On appeal, Plouffe argues that the second and third requirements for abstention are not met. Alternatively, he argues that the “patently unconstitutional” exception applies because the statements he made in the Chamberlain brief are accurate and protected by the First Amendment.
We generally review the grant of a motion to dismiss de novo, accepting the allegations in the complaint as true and construing them in the light most favorable to the non-moving party. Norwood v. Dickey, 409 F.3d 901, 903 (8th Cir.2005). However, “[w]e review the application of the Younger abstention doctrine for abuse of discretion.” Id.
With respect to the second requirement, that the disciplinary proceedings “implicate important state interests,” see Middlesex County, 457 U.S. at 432, Plouffe acknowledges that there is a strong state interest in attorney disciplinary proceedings. See id. at 434 (finding that the state “has an extremely important interest in maintaining and assuring the professional conduct of the attorneys it licenses”). However, he argues that the second requirement is not met here because the federal courts “have an even stronger interest” in addressing his constitutional claims.3 Plouffe's argument misapprehends Younger abstention. This requirement demands only that the state proceedings “implicate important state interests.” Id. at 432. We do not weigh the competing interests of the federal and state courts in adjudicating Plouffe's claims. See id. at 432-34. Because the disciplinary proceedings here implicate important state interests, the second requirement is met.
Plouffe argues that the third requirement is not met because the attorney disciplinary proceedings do not provide him an adequate opportunity to raise his constitutional claims. Plouffe must present his constitutional claims in the attorney disciplinary proceedings “unless it plainly appears that this course would not afford adequate protection.” See id. at 435 (quoting Younger, 401 U.S. at 45). The burden rests on Plouffe to show that the disciplinary proceedings do not afford him an adequate opportunity to raise his constitutional claims. See Neal v. Wilson, 112 F.3d 351, 357 (8th Cir.1997).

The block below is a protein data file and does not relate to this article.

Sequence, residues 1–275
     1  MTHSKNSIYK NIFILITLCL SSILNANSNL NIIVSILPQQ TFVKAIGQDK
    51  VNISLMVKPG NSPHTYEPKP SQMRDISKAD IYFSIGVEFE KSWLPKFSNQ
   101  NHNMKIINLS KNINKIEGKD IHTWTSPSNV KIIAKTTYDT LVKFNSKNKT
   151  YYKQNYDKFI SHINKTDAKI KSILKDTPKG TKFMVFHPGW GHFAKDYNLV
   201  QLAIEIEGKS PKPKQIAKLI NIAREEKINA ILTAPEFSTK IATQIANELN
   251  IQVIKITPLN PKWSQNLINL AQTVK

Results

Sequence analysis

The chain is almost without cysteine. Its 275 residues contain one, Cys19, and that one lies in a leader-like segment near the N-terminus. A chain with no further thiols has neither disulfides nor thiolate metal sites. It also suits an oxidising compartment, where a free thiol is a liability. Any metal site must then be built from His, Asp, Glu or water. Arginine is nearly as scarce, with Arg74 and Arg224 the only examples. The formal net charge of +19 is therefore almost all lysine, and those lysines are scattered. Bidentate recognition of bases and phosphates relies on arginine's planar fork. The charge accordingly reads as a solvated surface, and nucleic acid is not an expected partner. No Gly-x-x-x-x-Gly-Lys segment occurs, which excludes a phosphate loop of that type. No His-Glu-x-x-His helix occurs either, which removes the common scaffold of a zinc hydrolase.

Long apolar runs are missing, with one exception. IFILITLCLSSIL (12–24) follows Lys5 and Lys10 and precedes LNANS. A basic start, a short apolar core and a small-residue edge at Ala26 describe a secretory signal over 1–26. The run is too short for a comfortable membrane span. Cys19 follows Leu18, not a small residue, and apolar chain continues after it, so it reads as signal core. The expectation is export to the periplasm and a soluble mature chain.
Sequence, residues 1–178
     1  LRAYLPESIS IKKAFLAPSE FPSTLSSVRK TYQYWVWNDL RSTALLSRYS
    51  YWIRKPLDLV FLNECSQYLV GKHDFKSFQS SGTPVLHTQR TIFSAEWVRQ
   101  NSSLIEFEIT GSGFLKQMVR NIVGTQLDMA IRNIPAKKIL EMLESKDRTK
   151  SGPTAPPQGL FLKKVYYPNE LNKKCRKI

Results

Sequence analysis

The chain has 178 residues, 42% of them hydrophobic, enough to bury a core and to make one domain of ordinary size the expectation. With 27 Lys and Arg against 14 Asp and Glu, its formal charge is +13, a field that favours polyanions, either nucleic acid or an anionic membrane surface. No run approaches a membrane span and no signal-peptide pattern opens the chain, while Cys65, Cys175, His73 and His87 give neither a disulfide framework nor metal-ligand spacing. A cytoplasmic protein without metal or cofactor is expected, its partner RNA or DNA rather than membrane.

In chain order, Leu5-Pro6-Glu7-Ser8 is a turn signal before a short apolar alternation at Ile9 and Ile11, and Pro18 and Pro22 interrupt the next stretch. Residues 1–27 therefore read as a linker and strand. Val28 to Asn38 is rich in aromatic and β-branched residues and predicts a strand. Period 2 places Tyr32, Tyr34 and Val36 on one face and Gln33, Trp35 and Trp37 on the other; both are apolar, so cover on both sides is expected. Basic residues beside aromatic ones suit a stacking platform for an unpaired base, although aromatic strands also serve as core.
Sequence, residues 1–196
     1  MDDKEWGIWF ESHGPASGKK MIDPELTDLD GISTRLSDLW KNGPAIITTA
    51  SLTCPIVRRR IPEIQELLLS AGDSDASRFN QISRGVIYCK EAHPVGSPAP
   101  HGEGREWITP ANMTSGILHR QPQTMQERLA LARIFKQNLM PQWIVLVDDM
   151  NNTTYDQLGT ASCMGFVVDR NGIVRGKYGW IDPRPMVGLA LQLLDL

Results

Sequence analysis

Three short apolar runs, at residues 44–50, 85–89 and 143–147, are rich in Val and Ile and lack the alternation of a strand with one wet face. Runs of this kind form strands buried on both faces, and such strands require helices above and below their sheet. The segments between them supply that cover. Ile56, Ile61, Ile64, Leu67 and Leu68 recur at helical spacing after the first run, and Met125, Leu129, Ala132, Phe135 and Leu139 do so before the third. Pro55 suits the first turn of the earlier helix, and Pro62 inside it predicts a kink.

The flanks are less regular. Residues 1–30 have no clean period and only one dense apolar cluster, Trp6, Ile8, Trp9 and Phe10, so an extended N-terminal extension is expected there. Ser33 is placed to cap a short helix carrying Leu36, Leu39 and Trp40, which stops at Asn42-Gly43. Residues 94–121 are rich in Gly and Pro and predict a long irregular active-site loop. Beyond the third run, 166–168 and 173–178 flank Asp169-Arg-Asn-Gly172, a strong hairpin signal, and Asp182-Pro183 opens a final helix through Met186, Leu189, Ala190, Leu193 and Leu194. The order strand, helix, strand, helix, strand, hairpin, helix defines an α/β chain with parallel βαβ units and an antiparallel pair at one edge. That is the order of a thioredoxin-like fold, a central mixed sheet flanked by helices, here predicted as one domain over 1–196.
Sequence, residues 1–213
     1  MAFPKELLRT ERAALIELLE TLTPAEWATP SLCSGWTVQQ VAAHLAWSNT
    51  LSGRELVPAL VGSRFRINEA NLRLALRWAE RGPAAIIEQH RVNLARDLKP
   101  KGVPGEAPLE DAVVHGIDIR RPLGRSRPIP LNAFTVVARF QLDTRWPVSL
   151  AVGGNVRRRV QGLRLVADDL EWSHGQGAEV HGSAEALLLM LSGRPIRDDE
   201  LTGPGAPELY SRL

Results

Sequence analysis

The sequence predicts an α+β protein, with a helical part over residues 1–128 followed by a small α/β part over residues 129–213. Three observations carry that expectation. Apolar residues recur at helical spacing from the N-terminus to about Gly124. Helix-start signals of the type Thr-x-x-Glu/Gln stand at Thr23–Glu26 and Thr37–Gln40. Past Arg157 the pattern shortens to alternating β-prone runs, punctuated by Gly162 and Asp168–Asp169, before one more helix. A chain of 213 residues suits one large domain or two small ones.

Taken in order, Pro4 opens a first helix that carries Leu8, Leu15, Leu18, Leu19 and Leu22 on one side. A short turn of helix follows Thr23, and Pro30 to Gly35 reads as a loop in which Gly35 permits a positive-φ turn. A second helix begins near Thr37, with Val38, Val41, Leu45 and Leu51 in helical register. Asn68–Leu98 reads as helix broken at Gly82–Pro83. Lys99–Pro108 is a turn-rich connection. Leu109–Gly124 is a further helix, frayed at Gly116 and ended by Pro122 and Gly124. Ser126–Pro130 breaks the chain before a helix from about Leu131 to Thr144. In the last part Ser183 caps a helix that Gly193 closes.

Plouffe notes that the attorney disciplinary proceedings allow only limited discovery and that the Arkansas Rules of Civil Procedure are not binding during the proceedings. He describes these procedural features as inadequate and baldly asserts that they will prevent him from adequately raising his constitutional claims. However, Plouffe does not explain how limited discovery or the relaxation of the rules of civil procedure prevents him from presenting his constitutional claims during the disciplinary proceedings. And we have not independently identified any plausible basis for finding that the alleged limitations would prevent the presentation of his constitutional claims. We can find nothing in the rules governing the attorney disciplinary proceedings that would prevent Plouffe from raising his constitutional claims. See Ark. Sup.Ct. P. Regulating Prof ‘l Conduct of Att'ys at Law. Furthermore, we have previously found that the Arkansas Supreme Court adequately considers constitutional claims raised during attorney disciplinary proceedings. See Neal, 112 F.3d at 357. Plouffe has not shown that the alleged limitations prevent him from adequately presenting his constitutional claims during the attorney disciplinary proceedings, so we reject his argument concerning the third requirement.